By ZACHARY COILE
San Francisco Chronicle
June 19, 2006
Critics say the measure is an attempt to bribe states to allow oil and gas production in areas that have been off limits. The plan also would force governors in states such as California and Florida, which oppose offshore drilling, to petition the federal government to continue the moratorium on drilling off their coasts.
The debate over royalties is the latest flash point in what is emerging as one of the biggest environmental battles in Congress this year. Drilling proponents point to the need for greater offshore production to address rising energy costs; opponents cite the risks of oil spills to the environment and to coastal communities that depend on tourism.
The new legislation, written by Louisiana lawmakers, would be a boon to states such as Texas, Louisiana, Mississippi and Alabama, which already have drilling rigs off their shores.
States would receive 75 percent of all royalties for drilling within 12 miles of their coastline and half of all revenues for projects up to 100 miles offshore. Under the new formula, Louisiana alone would receive an extra $50 billion over 30 years.
"What we're trying to do is be equitable to the states," Bobby Jindal, R-La., chief sponsor of the measure, said at a hearing on the bill Wednesday in the House Resources Committee.
The legislation has run into opposition from an unexpected source: the Bush administration. White House officials have come to rely on the billions of dollars in oil and gas royalties to pay for everything from the Iraq war to homeland security, and they are afraid of worsening the federal budget deficit if they agree to share more revenue with states.
A top Interior Department official told lawmakers Wednesday that the administration would support a plan that allows states to "opt out" of the federal moratorium on drilling but did not back a revenue-sharing plan it views as too generous.
"We have serious concerns about this bill because of its excessive short- and long-term costs," said R.M. "Johnnie" Burton, director of the Minerals Management Service, which runs the federal oil and gas leasing program. But she said the administration was willing to consider more limited revenue-sharing.
The administration's position angered proponents of the new legislation, including the House Resources Committee chairman, Rep. Richard Pombo, R-Calif.
Pombo, who authored an offshore drilling bill that failed last year, lashed out at the "bean counters" at the Office of Management and Budget for failing to recognize that giving states some of the revenue would lead to more drilling, creating a bigger pool of royalties to be split with the federal government.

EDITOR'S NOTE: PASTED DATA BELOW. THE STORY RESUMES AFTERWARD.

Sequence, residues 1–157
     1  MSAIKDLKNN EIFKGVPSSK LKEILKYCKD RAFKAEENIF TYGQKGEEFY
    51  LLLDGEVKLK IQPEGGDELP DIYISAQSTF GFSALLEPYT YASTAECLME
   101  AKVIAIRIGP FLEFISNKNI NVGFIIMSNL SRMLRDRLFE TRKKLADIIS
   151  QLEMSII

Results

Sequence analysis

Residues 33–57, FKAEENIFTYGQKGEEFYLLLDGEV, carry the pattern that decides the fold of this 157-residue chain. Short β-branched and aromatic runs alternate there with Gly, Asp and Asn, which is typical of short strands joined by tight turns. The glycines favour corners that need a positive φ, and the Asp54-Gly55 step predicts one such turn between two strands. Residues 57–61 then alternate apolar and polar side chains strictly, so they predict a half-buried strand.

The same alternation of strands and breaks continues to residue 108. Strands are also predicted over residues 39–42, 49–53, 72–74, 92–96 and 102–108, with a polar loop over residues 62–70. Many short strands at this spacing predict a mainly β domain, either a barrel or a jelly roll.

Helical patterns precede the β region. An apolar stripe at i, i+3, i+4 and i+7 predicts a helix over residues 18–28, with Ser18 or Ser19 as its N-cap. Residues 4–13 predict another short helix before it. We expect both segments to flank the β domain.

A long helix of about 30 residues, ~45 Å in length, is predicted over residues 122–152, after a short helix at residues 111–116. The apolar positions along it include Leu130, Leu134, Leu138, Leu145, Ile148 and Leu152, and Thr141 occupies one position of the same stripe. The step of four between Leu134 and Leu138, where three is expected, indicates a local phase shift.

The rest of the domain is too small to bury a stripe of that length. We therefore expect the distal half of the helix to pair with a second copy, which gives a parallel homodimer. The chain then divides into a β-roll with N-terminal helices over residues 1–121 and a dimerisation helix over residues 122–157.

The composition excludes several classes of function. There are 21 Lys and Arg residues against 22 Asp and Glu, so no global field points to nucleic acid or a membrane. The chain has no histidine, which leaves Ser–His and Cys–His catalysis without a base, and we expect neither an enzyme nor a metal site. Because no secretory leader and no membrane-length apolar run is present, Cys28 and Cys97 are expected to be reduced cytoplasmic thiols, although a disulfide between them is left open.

"When it comes to onshore leases, we share revenues with the states in which those leases are located," Pombo said. "But there seems to be an objection to sharing revenues when it comes to offshore."
Driven by concerns by the public and the business community over rising energy prices, House Republicans are trying to quickly pass legislation to increase oil and gas drilling in federal waters.
The new bill could be approved by the Resources Committee as soon as next week and voted on by the House later this month.
But many Democrats and some Republicans, especially from coastal states, oppose the attempt to change the quarter-century-old policy that has prevented most drilling off the Atlantic and Pacific coasts and the eastern Gulf of Mexico.
Last month, a group of Florida Republicans joined with most Democrats to block a provision in an Interior Department spending bill that would have ended the moratorium, but only for natural gas drilling. The measure was defeated, 217-203.
But drilling opponents fear the new bill may have a better chance of prevailing because it would allow coastal states like Florida some protection against drilling. Governors, with the concurrence of state legislatures, could petition the government to block drilling within 125 miles of their shores.
At Wednesday's hearing, Florida's secretary for environmental protection, Colleen Castille, said Gov. Jeb Bush supported the plan. "Such a plan by Congress would give the people of Florida the ability to maintain in perpetuity a no-drilling buffer zone that would forever protect our resources," she said.
Some Florida lawmakers believe
the 125-mile buffer zone does not go far enough. Federal waters
extend 200 miles offshore.
Scripps Howard News Service, http://www.shns.com
Publish A Letter on SitNews Read Letters/Opinions